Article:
Beezer Behind the Badge: 1968-1970 Triumph Trophy 250

Comparing the Triumph Trophy 250 with its primary 250cc competitors, the Ducati 250 Scrambler and Suzuki TC25 Hustler.

| July/August 2017

  • The 1970 Triumph Trophy 250 as shown in a contemporary ad.
    Motorcycle Classics archives
  • 1967-1974 Ducati 250 Scrambler.
    Photo courtesy
  • 1968-1970 Suzuki TC250 Hustler.
    Motorcycle Classics archives

Triumph Trophy 250
Years produced:
22hp @ 8,250rpm (24hp @ 8,250rpm/1969-1970)
Top speed:
90mph (approx.)
247cc air-cooled OHV single
4-speed, chain final drive
285lb (dry)/75-85mpg
Price then/now:

In the late 1960s, the adventure motorcycle was still a decade away, so if you wanted to play in the dirt with a road bike, you’d choose from the street scramblers then on sale — like something from Honda’s CL range, for example. These were by no means serious dirt bikes, just street machines with a high-level exhaust and maybe braced handlebars.

Triumph’s entry into this market was the TR25W Trophy. Intended to replace the 200cc Tiger Cub in the catalog, the baby Trophy was essentially a BSA Starfire 250 with “Triumph” on the gas tank, high bars and a high exhaust. It represented one of BSA-Triumph’s last desperate attempts to keep their superannuated quarter-liter singles relevant. The 1971 B25T and B25SS “Gold Star” was their swan song.

At the heart of the Trophy was BSA’s overhead valve 4-stroke single, developed from the unit-construction C15 of 1957, and pumped up from its original 15 horsepower to 24 horsepower for 1969. And while mid-1960s BSA 250s had a built-up crank with a roller bearing big end, this was changed to a plain bearing and split connecting rod for 1968.

The Trophy’s 67mm piston ran in an iron-lined alloy cylinder and drove a one-piece crankshaft with bolt-on flywheels and a 70mm stroke. The main bearings were roller on the drive side and ball on the timing side, with drive to the wet multiplate clutch and 4-speed transmission by chain. The pushrods were lifted by a single camshaft, and the rockers had eccentric shafts to adjust valve clearance. A 28mm Amal Concentric fed fuel and ignition was by battery, coil and contact breaker, with automatic advance.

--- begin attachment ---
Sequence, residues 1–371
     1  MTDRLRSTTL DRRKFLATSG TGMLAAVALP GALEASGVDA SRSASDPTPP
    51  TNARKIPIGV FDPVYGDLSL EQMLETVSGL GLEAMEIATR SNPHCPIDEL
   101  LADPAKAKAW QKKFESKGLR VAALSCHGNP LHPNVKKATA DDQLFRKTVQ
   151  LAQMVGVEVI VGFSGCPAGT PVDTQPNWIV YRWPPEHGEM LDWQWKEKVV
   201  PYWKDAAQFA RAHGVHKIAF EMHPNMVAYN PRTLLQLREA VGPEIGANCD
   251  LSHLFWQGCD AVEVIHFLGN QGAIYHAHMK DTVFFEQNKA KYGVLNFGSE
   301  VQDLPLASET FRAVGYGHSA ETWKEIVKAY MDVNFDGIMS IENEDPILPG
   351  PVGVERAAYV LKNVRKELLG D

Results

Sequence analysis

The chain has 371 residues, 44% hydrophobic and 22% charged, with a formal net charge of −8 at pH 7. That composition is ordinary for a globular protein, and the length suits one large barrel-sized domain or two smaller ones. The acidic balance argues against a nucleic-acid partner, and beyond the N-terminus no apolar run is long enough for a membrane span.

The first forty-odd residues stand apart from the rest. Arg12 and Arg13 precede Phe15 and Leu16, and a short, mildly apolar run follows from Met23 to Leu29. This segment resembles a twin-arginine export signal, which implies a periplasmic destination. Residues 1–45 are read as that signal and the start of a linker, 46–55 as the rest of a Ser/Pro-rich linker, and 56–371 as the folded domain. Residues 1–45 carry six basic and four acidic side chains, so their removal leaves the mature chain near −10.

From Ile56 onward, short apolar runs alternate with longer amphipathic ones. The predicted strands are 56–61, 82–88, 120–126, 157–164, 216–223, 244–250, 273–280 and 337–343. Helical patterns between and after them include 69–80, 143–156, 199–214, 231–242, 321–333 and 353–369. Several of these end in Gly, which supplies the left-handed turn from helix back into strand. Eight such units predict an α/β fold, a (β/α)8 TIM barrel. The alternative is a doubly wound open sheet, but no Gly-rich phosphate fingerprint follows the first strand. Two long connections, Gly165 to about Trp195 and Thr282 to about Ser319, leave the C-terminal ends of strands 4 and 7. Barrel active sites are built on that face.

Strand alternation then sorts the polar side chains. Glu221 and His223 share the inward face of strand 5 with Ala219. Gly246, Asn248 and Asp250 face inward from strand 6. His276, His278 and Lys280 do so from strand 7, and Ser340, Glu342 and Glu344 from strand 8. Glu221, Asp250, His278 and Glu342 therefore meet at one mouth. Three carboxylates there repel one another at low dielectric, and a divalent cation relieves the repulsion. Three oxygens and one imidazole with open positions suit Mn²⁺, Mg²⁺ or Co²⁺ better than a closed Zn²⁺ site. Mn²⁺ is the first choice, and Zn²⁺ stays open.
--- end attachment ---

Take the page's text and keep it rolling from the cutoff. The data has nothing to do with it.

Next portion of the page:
The drivetrain fitted into a single downtube frame similar to that of the contemporary Victor, and also shared its BSA hydraulic fork, paired coil spring/damper units and 7-inch single-leading-shoe drum brakes. The high level header pipe was on the right side in 1968-1969 and on the left for 1970. The gas tank (and side panels) were also unique to the TR25W — fiberglass for 1968, and steel for 1969-1970. Other changes during production included a compression boost to 10:1, and an upgrade for the front brake to twin-leading-shoe for 1969.

11/30/2018 5:33:45 PM

30/11/2018, I traded in my 1965 Matchless CSR 250 for a brand new Triumph Trophy in 1969 from Tiffens, Carlisle. Loved both those bikes but the Triumph was just fantastic looking and handled really well. Best fun for a then 16 year old apprentice electrican. Ian Sarginson

11/28/2018 8:54:29 PM

While I was in highschool, I rode my dad's Trophy 250 as much as I could--even sneaking it out at night when I was supposed to be in bed. That bike was my transport to school, too. I dreamed of riding a bigger twin, but loved the way it handled with that Triumph magic weight-to-wheelbase formula. I got cut off by a 4 wheeler on a residential street, and after the front wheel hit the car's fender, I went flying across the hood with the Trophy flipping wheel over wheel, landing on it's wheels as a cat. It then fell over, after which I picked it up, started it and continued on to work. I miss that bike. David Worth

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